This Week in The Journal
ProBDNF as a Death Signal
Henry K. Teng, Kenneth K. Teng, Ramee Lee, Saundrene Wright, Seema Tevar, Ramiro D. Almeida, Pouneh Kermani, Risa Torkin, Zhe-Yu Chen, Francis S. Lee, Rosemary T. Kraemer, Anders Nykjaer, and Barbara L. Hempstead
(see pages 5455-5463)
Neurotrophins are synthesized as precursors that undergo intracellular cleavage before they are secreted. Many of the actions of the mature forms result from activation of Trk receptor tyrosine kinases. However, precursors such as proNGF can also be secreted. In the case of proNGF, recent studies indicate that it can bind to the p75NTR receptor and a coreceptor, sortilin, and thus mediate apoptosis. This week, Teng et al. report that proBDNF also is secreted from neurons but did not bind to TrkB receptor tyrosine kinase. Rather, proBDNF acted as a proapoptotic signal as examined in sympathetic neurons. ProBDNF-induced cell death required expression of both p75NTR and sortilin. Preformed complexes of proBDNF and the soluble extracellular segment of sortilin were not apoptotic, indicating that both p75NTR and sortilin must be activated at the cell surface. These results provide additional support for a previously unappreciated role of neurotrophin precursors.
Dendritic Spine "Survival" during Ischemia
Shengxiang Zhang, Jamie Boyd, Kerry Delaney, and Timothy H. Murphy
(see pages 5333-5338)
At a macroscopic level, we know well what happens in a stroke. Block of an artery for any extended period leads to loss of tissue in the center of the perfusion territory and partial damage in the surrounding "penumbra." The immediate therapeutic goal is to restore perfusion before damage to key structures such as synapses becomes permanent. This week, Zhang et al. dynamically monitored dendritic spines in the mouse somatosensory cortex during ischemia. Two-photon imaging of yellow fluorescent protein (YFP)-expressing neurons allowed continuous visualization of spines. To simulate the penumbra, they reduced local blood supply to ∼50% with the vasoconstrictor endothelin; for the core, they used photoactivation of the clot-forming dye Rose Bengal that reduced blood supply to <10%. With moderate ischemia, spines remained stable even after 5 h. During severe ischemia, however, spines were not so resilient. After only 10-40 min, spines were rapidly lost. Reperfusion within 20-60 min restored spines, albeit in altered locations.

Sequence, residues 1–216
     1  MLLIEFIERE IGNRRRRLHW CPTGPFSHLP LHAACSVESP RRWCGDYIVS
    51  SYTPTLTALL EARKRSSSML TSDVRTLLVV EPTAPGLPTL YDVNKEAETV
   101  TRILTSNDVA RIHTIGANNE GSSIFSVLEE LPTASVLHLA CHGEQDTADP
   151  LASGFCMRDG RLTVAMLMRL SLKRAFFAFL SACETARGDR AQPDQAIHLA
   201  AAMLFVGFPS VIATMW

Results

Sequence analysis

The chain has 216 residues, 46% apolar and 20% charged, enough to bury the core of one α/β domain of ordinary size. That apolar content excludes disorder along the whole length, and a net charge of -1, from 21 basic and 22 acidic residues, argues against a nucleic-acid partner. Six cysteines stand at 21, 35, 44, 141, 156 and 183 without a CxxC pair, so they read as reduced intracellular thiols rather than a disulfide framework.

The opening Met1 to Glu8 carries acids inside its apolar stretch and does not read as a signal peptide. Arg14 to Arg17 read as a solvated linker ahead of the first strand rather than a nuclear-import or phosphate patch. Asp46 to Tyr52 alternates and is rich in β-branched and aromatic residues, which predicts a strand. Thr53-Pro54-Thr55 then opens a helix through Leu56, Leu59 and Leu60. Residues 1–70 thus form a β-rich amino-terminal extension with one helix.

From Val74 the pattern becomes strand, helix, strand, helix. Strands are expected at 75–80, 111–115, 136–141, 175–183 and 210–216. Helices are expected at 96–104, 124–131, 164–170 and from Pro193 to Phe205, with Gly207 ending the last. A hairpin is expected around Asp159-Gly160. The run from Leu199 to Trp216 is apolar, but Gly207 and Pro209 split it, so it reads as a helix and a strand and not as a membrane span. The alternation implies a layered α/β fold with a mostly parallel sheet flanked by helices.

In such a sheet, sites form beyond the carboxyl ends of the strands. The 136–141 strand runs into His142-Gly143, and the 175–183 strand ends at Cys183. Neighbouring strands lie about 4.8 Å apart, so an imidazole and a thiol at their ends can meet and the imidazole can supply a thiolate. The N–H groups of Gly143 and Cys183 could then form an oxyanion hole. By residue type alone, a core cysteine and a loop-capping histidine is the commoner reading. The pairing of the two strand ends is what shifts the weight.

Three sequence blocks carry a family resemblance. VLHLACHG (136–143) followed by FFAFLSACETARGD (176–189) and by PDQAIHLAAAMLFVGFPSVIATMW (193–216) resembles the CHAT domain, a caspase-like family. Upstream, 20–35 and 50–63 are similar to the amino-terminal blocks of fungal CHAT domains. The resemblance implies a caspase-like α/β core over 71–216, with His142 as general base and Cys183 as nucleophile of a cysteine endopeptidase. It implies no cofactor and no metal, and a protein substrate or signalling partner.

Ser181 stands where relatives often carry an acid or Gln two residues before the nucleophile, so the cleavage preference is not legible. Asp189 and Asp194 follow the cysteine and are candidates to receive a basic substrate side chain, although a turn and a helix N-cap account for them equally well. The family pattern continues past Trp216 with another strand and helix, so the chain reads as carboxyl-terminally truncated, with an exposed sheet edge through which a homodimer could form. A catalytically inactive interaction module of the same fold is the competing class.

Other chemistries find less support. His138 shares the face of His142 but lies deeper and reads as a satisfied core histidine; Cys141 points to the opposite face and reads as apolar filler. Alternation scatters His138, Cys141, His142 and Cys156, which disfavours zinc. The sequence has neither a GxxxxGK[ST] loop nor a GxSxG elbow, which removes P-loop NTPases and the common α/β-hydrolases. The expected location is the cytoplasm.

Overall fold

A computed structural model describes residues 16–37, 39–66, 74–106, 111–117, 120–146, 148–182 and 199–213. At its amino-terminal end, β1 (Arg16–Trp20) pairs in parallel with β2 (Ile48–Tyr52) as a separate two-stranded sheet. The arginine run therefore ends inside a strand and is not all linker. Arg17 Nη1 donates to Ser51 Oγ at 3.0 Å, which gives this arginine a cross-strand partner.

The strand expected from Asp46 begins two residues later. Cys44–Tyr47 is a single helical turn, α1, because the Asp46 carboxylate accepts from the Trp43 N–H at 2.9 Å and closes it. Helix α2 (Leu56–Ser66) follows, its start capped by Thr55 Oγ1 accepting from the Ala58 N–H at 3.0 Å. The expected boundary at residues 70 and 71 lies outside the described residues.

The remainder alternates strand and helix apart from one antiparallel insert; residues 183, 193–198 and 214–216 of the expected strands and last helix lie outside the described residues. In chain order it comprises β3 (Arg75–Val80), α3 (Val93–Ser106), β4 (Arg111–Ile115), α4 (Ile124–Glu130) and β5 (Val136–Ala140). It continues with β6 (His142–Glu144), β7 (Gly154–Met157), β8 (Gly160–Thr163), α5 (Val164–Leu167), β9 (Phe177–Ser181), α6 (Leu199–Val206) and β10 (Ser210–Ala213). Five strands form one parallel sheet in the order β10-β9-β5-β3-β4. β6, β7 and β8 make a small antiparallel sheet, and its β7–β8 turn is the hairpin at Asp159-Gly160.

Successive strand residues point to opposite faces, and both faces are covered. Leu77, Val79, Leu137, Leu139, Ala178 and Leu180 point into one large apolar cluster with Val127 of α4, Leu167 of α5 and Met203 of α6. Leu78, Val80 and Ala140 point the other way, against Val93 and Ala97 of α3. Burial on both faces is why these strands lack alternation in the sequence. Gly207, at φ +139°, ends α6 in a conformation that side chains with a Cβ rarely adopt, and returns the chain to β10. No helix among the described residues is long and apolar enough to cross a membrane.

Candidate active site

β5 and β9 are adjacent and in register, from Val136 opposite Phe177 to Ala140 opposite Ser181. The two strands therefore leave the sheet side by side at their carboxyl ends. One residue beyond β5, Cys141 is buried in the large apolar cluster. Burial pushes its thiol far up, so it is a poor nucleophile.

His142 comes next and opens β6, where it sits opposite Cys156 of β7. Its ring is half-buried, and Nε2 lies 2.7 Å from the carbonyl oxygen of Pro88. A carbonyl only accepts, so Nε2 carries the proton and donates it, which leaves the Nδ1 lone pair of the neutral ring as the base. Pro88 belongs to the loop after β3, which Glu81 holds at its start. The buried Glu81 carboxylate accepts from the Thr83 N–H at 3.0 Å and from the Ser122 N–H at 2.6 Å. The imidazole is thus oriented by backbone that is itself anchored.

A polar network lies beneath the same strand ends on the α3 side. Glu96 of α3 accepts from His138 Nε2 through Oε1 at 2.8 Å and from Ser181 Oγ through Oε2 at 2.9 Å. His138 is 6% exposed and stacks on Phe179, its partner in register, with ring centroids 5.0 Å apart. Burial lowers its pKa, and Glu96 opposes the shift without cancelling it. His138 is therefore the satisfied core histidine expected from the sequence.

Chattering Cells Listen to Synaptic Input
Jessica A. Cardin, Larry A. Palmer, and Diego Contreras
(see pages 5339-5350)
One class of cortical neurons called fast rhythmic bursting (FRB) cells, or chattering cells, is so named because these cells fire bursts of action potentials in the 30-50 Hz range. These γ-frequency oscillations are thought to arise primarily from intrinsic membrane conductances. This week, Cardin et al. show that FRB cells are distributed throughout layers 2-6 of the cat primary visual cortex in vivo and that they have both simple and complex receptive field properties. FRB cells responded to depolarizing current injections with γ-frequency bursts. Although simple and complex cells displayed identical burst characteristics in response to current injection, they responded quite differently to visual input. The γ-frequency band of simple, but not complex, cell bursts was altered by orientation- and contrast-dependent stimuli, indicating that network activation generated the rhythmic bursting. In addition, membrane hyper-polarization did not prevent burst firing, suggesting that γ bursts are generated by network activity impinging on FRB cells.
Neurobiology of Disease
Human Tau and Neuronal Death in the Mouse
Cathy Andorfer, Christopher M. Acker, Yvonne Kress, Patrick R. Hof, Karen Duff, and Peter Davies
(see pages 5446-5454)
Among the unexplained elements of Alzheimer's disease is the connection between the microtubule-associated protein tau, its hyperphosphorylated aggregates, called neurofibrillary tangles (NFTs), and cell death. Although the three are inextricably linked in tauopathies, the relationship between tau pathology and neuronal degeneration remains poorly defined. This week, Andorfer et al. address the problem using htau mice. These mice do not express mouse tau; rather, they express nonmutant human tau at approximately four times the normal level. By 15 months of age, the mice developed NFTs, DNA fragmentation, and neuronal death. Interestingly, neuronal death did not seem to correlate in individual cells with the presence of NFTs. However, cells in htau mice showed aberrant expression of cell-cycle proteins, similar to what has been observed in human Alzheimer's disease in areas of extensive cell loss. The authors suggest that neuronal death may be linked to abnormal or incomplete reentry into the cell cycle.